But with the question receiving so much media attention, even if the citizenship question is left off, I doubt that very many illegal immigrants will be very interested in giving out ANY information for fear they will be “found” and deported. I know that if I were here illegally the LAST thing I would want to do is fill out information about ANYTHING I was doing: my whole purpose would be to remain as invisible as possible for as long as possible while still maintaining the chance to reap whatever benefits I could from living here.

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    It’s not true generally that people here illegally do not want to become citizens. They CAN’T become citizens and will be deported when found they are undocumented. You only have to have been reading or watching the news for the last umpteen years to know that.


Am I the only 66 year-old out here who knows that people lie all the time on the census? To fear the census is absurd, because no one verifies the answers!


    No, Brian, you’re not the only one — one piece of evidence obtained from the government by subpoena during the discovery phase of the litigation in New York, revealed that, during tests of the effects of including a citizenship question in an earlier census questionnaire, the staff at the Census Bureau discovered that something like 30% of non-citizens who actually returned the questionnaire said they were citizens when they weren’t.

    Back when the question was still being asked as a matter of course, my paternal grandmother’s sister not only said she was a natural born citizen of the USA and gave a date of birth falling just after the date when her parents first arrived here. However, my cousin found her birth had actually been registered by her parents several years in Glasgow, Scotland, several years before the family left for America.

    My mother’s best friend in high school was the daughter of Norwegian immigrants, who was embarrassed by the fact that her grandmother did not speak English, refused to learn the language and took no interest in the beautiful embroidery work that both her grandmother and her mother created, until very late in life, after both of them had passed on.

    My mother came from a small rural town where her family, and all the neighbors’ families had lived and died and married each other for 150 years. She could never understand why anyone fortunate enough to have parents or grandparents who could teach them a second language and hand down the oral history and traditions of the places their family had come from would ever throw away such an opportunity. But she was so secure in the knowledge of her own American heritage that she didn’t understand the embarrassment caused them by the way so many others snubbed and looked down on them and made them feel that no matter how hard they tried, they could never work hard enough or be good enough, smart enough, or patriotic enough to ever be considered “real Americans.” So they lied and tried to hide their heritage, and in some cases turned around and subjexted the next group of immigrants to the same kind of disrespect and shaming they themselves had suffered from.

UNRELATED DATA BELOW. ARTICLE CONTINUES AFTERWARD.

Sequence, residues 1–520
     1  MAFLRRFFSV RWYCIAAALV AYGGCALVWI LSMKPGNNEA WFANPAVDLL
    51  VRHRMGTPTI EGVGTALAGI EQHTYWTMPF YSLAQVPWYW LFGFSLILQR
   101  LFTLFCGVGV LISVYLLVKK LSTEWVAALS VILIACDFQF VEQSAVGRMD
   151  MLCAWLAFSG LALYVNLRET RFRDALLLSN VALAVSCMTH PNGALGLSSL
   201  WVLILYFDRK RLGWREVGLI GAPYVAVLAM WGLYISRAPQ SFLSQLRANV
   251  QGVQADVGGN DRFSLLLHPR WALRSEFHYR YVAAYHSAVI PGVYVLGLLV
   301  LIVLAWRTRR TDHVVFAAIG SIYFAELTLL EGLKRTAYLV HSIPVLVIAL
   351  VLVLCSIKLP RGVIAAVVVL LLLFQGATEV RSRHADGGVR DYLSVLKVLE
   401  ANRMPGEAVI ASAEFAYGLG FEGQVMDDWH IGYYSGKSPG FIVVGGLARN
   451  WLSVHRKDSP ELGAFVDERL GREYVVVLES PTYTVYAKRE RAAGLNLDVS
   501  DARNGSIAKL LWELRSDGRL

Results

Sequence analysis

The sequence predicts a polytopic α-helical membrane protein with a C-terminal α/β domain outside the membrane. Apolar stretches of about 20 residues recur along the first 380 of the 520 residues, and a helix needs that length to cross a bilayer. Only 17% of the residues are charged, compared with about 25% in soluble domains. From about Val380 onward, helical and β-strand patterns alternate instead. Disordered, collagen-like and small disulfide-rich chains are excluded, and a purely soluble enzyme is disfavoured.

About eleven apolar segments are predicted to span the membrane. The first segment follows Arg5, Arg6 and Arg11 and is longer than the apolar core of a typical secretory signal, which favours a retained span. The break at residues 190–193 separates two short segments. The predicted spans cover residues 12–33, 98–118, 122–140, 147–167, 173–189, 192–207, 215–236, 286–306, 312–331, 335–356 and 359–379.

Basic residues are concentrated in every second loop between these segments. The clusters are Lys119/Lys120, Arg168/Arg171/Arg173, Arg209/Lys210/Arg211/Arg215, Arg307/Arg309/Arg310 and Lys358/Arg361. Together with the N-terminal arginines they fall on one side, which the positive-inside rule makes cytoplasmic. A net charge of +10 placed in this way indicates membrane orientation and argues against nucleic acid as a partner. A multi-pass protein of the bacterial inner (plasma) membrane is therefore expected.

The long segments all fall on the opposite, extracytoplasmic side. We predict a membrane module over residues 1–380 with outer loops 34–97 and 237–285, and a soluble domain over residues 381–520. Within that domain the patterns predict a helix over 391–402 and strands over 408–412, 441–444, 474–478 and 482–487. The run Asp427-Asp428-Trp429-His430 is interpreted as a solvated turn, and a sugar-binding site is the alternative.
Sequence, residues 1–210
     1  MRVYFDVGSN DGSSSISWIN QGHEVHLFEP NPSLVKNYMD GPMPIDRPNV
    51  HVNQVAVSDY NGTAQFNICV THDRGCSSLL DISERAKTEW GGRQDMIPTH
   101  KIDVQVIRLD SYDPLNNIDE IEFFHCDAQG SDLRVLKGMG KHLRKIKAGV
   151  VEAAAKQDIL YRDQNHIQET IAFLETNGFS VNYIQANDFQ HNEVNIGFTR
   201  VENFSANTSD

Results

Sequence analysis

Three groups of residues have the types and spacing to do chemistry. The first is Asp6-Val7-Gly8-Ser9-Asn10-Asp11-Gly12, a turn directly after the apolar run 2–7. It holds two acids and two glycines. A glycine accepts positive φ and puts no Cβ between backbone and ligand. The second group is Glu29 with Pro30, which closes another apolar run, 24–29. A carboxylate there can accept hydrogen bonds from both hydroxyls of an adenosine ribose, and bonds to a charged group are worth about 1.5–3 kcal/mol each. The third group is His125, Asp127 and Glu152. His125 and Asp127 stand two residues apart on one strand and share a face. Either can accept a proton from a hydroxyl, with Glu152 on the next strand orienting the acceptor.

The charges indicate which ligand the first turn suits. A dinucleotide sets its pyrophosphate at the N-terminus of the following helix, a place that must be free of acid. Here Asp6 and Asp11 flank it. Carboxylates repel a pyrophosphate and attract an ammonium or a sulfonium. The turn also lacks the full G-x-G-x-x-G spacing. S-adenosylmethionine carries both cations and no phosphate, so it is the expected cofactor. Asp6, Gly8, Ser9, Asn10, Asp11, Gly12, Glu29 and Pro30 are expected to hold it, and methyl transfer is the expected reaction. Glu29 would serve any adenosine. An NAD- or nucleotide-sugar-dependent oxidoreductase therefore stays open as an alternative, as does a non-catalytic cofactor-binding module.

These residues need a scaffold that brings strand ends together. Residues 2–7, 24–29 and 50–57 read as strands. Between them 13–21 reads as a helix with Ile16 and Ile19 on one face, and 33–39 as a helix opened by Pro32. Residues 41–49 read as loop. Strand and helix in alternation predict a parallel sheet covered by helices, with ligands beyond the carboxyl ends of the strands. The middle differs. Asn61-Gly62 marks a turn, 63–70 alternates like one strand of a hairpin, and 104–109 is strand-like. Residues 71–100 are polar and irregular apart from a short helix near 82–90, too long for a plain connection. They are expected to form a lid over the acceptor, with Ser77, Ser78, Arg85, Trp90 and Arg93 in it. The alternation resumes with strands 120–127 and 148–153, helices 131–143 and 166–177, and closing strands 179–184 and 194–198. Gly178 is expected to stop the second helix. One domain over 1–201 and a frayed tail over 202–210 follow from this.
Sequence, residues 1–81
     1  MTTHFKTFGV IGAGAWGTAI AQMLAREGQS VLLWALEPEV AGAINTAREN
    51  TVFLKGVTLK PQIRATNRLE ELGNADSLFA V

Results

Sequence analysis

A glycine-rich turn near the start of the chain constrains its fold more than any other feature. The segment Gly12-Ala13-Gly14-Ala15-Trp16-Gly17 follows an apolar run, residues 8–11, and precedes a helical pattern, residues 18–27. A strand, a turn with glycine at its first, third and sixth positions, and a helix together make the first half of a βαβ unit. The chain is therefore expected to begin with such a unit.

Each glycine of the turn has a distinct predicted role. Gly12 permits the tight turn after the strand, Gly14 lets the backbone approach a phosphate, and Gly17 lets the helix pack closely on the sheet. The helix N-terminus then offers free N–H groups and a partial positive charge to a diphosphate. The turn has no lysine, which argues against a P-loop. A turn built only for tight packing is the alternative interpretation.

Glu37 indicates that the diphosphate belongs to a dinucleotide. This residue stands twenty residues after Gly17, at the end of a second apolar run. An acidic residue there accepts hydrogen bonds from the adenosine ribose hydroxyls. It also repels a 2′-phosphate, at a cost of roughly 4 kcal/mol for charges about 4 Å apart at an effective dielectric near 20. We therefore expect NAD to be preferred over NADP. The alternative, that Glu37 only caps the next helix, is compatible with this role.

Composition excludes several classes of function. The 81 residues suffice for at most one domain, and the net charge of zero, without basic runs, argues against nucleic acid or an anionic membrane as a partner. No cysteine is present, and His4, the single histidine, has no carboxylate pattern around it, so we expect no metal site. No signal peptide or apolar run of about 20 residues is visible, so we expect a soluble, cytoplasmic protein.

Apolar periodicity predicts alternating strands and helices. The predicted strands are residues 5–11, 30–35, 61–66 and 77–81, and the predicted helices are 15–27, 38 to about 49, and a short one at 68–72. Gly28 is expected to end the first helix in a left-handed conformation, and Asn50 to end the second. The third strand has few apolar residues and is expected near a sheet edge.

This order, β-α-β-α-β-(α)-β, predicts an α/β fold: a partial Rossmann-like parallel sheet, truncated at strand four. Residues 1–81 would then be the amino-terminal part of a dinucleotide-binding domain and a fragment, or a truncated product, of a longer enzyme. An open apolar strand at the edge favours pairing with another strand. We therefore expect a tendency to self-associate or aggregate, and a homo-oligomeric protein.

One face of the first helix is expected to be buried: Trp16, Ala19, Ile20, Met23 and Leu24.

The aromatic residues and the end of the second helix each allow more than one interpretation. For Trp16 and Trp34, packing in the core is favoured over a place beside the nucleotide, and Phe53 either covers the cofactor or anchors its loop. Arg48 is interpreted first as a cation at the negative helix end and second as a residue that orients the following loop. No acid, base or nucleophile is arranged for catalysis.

Brian, you are so right. One of my relatives was living in a college dorm during the 2010 census. Her floor supervisor came around with the census forms and made them fill them out. The kids all took it as a joke and while they put down their names correctly, their other answers were completely fictitious. The floor supervisor thought it was hilarious and turned in their forms uncorrected.


Another concern is scams. Recently, I have answered local concerns and distrust posted on the NextDoor app regarding the American Community Services Survey, 1 of 5 annual surveys send out by the bureau. The Census Bureau actually has a link for verifying that you received a real survey. Also, two decades ago, I was a Government Information Services librarian in charge of my library’s Federal Depository Library Program collection. Most of my patrons were interested in stats from a variety of government agencies, including the Census Bureau. And most were business persons or economists. Obviously a number of constituencies rely on this data and influence what is collected.


David Paul Davenport March 19, 2019 at 11:15 am

I very much fear that the 2020 census will be much delayed by these challenges to the citizenship and other such matters. One could argue that taking the census is stayed until all of the Court challenges are exhausted, thereby undermining credibility of the count, and potentially delaying the redrawing of Congressional Districts. I personally feel that this is a continuation of the efforts begun prior to the 1990 census to use statistical samples, based on such things as utility bills, to extrapolate the current population (I worked for the Bureau at the Atlanta Field Office at the time). Statisticians have demonstrated that a physical count is no better than extrapolations.Yes, the census “requires” a count, but it also makes other pronouncements that have been eroded over time, so the ten year count of the population may be the next thing to become a dinosaur.